return Limit(5.0 - (5.0 - p) * 1.5);
        }
    ).Select(p => Limit(p + 1.2));
 
Print(query1); 

This ability to just tack the second Select on the end of the first one is an example of composability.  Another name for composability is malleability.  How much can we add/remove/inject/surround code with other code without encountering brittleness?  Malleability allows us to shape the results of our query.

All three of the above approaches that were implemented using queries have the same semantics, and same performance profile.  The code that the compiler generates for all three is basically the same.

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Attachment: AnExamplePresentedInBothCodingStyles.cs
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  • In your example:

    if (p > 5.0)

      return Limit((p - 5.0) * 1.5 + 5.0);

    else

      return Limit(5.0 - (5.0 - p) * 1.5);

    "(p-5.0)*1.5+5.0" and "5.0-(5.0-p)*1.5" are perfectly equivalent!

  • 'All three of the above approaches that were implemented using queries have the same semantics, and same performance profile.  The code that the compiler generates for all three is basically the same.'

    I beg to differ.

    The 'algorithmic' code would look similar or the same, but the underlying metaphor between the first example and the next two is large.  By requiring that copies be made of the initial array, there is an underlying churn being induced in the heap.  A churn which requires garbage collection of those self-same constructs.  In this meager example those affects are relatively minor, but as things scale in complexity and size, those affects can become major.  That makes the difference larger than it might first appear.

    Memory churn scales with the number of compositions and the size of the intermediate result sets.  This is not unlike some of the issues exhibited by SQLs during execution, which have some marked (and quite nasty) side effects.

  • @R King:

    I think that maybe you misunderstood which queries I was referring to.  Example #1 is the algorithmic approach, which is has a completely different performance profile from examples #2, #3, and #4, which are implemented via queries.  (I've labeled the examples above so that what I'm referring to is clear.)  #2 is implemented with query expressions, which are translated by the compiler into calls to extension methods.  Example #3 is the same query expressed in method syntax.  Example #4 is the same as #3, except it has the last Select tacked onto the end.  #2, #3, and #4 have the same performance profile.

    It is true that the queries induce a larger number of short-lived objects on the heap.  The garbage collector is optimized for handling many short-lived objects.  I have regularly used code similar to the final results of this tutorial on a set of documents that are fairly large: > 200 documents, each approx 50K in size.  The query code executes for all 200 of the documents in about 2 seconds.  The performance is very good.

    Regarding #2, #3, and #4, they don't create intermediate result sets as such, due to lazy evaluation.  So even if the source array was extremely large, the amount of long-term memory used doesn't increase.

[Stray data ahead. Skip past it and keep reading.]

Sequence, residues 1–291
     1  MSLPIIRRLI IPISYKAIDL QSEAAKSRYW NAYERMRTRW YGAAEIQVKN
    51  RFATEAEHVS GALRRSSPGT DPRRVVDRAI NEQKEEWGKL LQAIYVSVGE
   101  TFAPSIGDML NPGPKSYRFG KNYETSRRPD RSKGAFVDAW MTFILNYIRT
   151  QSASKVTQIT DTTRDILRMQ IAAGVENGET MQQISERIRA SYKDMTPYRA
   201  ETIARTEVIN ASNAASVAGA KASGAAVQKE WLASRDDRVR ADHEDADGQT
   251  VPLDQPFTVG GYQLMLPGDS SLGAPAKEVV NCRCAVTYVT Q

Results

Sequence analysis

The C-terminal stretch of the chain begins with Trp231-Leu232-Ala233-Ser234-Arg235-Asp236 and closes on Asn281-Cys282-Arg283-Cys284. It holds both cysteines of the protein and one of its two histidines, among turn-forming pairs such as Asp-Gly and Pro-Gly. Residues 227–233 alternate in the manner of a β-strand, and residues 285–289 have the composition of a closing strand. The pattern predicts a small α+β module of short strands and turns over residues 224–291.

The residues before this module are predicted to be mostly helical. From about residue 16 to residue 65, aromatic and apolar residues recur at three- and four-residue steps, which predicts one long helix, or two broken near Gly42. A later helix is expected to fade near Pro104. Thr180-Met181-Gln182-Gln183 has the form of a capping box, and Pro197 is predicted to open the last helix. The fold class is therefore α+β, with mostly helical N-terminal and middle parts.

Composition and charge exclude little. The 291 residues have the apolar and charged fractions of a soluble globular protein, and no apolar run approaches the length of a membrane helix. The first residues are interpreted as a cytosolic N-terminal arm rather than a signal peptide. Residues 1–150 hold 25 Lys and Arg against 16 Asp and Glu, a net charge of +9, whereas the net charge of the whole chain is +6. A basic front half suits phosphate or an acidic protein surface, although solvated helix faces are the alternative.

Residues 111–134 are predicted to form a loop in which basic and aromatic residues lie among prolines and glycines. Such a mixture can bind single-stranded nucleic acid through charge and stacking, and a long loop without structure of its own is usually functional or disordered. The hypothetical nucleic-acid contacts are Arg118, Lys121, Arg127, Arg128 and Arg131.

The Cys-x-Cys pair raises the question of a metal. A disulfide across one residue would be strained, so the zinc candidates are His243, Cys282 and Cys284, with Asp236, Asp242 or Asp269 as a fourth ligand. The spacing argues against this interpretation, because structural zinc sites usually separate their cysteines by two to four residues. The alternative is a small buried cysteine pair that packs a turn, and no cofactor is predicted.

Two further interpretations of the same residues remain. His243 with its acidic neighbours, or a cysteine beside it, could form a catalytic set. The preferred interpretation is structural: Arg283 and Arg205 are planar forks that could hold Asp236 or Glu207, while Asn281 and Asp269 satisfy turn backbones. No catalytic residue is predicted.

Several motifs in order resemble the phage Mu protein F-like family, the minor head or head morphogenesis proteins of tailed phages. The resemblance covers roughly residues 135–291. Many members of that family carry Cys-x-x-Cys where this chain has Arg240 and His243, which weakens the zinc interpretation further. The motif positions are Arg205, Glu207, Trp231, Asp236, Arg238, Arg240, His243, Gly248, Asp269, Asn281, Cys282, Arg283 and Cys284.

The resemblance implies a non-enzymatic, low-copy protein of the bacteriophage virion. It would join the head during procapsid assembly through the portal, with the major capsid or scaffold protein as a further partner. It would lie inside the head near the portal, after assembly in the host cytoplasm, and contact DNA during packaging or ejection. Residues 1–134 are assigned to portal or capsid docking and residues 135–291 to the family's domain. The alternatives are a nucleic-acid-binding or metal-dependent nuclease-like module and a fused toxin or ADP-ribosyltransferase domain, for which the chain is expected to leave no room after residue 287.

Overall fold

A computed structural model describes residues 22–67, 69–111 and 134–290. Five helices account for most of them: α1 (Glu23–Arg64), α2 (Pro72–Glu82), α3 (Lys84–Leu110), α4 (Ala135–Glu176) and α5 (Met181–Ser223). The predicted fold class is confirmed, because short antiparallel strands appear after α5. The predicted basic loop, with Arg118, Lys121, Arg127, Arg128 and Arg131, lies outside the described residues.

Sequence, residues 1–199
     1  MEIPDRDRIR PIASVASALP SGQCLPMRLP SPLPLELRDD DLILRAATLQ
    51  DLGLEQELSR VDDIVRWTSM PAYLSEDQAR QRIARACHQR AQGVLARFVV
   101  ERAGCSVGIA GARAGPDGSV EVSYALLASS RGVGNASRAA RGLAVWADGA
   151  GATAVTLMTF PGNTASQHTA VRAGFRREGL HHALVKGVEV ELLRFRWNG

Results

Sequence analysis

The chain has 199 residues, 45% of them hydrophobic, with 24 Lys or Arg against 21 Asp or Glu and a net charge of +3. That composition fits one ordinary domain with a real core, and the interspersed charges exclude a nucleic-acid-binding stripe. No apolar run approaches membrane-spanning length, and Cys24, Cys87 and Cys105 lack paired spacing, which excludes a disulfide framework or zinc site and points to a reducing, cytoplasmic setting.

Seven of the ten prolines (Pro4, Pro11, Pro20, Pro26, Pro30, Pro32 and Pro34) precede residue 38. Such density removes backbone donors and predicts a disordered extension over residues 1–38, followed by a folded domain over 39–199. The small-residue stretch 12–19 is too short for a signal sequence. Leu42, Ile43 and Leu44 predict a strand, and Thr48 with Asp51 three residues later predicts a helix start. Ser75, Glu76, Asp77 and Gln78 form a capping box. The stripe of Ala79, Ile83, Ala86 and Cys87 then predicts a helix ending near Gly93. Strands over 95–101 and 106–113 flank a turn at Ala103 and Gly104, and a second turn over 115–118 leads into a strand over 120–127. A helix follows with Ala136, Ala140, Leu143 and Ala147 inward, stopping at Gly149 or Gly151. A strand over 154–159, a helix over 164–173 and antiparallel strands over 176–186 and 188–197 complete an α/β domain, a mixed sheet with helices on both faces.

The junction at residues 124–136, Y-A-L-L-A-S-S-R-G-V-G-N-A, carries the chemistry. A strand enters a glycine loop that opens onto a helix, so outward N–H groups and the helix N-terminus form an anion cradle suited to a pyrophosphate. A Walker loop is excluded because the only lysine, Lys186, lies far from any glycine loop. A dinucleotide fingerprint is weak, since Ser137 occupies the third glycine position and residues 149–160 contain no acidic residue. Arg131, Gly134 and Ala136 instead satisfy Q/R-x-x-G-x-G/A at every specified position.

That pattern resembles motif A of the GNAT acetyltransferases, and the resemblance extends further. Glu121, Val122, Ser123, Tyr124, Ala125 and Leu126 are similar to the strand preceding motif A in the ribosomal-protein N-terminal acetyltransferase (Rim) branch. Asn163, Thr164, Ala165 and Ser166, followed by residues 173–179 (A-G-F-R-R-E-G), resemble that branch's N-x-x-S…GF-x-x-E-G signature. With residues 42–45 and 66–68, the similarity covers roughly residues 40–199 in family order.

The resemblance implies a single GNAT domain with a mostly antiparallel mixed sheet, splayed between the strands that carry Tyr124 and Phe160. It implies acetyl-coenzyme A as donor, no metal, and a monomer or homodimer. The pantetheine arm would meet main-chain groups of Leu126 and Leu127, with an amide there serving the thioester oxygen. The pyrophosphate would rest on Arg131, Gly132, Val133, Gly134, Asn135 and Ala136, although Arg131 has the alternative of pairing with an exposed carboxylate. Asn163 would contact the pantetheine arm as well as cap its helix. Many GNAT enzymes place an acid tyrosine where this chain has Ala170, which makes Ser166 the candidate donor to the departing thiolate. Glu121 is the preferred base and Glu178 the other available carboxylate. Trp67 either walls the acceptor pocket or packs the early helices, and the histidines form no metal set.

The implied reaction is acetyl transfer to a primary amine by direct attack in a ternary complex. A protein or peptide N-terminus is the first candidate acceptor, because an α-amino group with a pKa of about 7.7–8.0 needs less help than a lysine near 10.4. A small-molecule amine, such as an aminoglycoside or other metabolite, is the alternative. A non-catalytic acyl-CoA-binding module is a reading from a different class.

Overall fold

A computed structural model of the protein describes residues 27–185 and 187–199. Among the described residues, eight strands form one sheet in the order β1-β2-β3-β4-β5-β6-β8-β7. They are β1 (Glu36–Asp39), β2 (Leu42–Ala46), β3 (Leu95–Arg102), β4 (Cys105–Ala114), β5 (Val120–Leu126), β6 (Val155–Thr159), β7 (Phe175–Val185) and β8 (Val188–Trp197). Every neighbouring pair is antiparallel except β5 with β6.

I absolutely agree that there are certain scenarios where intruducing a large number of objects on the heap would result in unacceptible perf.  But in those scenarios, you might choose another technology, such as C or C++.  If you were processing XML and need good perf on extremely large XML documents, you may use a streaming parser such as SAX or XmlLite.

    One of the ideas behind LINQ is that we have these incredibly powerful computers, and in many circumstances, we can use the power of the computer to make the developer's job easier.  We don't care whether the resulting code runs in .02 seconds or in 2 seconds, if the developer was able to write the code much faster.

    Does this make sense?

    -Eric

  • Eric,

    It does indeed make sense.  

    Let me give you a little of my background..  I've worked for 25+ years, many of them doing very large scalable systems.  In the last 10 years or so I've been involved in hiring engineers, and I've run into a very large number of engineers that don't take these issues into account, even when performance of websites and such depends on such things.  I've worked in C++, Java, and for the last year C#.  At one level or another all these systems suffer from heap churn if you don't pay attention to what you are doing.  Its why I pointed out the issue.  

    Thanks again for your continued thoughtful responses, and your contribution to making the .NET environment and its underlying environment the easy thing to use that it is.  I frequent your blog and find it most illuminating.. :)

    Regards,

    RK

  • [Table of Contents] [Next Topic] To do functional programming in C#, it is important that we have a base

  • It should be mentioned that deferred execution makes last example the most effective. Printing result before and after the last selecting generates two iterations through the array while last example will scan array only once.

    Deferred execution generates another trap for novices: there is no need following style, presented in the third example. Removing intermediate printing from second example will create code equivalent to the third one.

  • Shorter code! :D

    double[] pixels = new[] { 3.0, 4.0, 6.0, 5.0, 7.0, 7.0, 6.0, 7.0, 8.0, 9.0 };

    Print(pixels);

    IEnumerable<double> query1 =

       pixels.Select(

                             p => (p > 5.0) ? Limit((p - 5.0) * 1.5 + 5.0) :  Limit(5.0 - (5.0 - p) * 1.5);

                               ).Select(p => Limit(p + 1.2));

    Print(query1);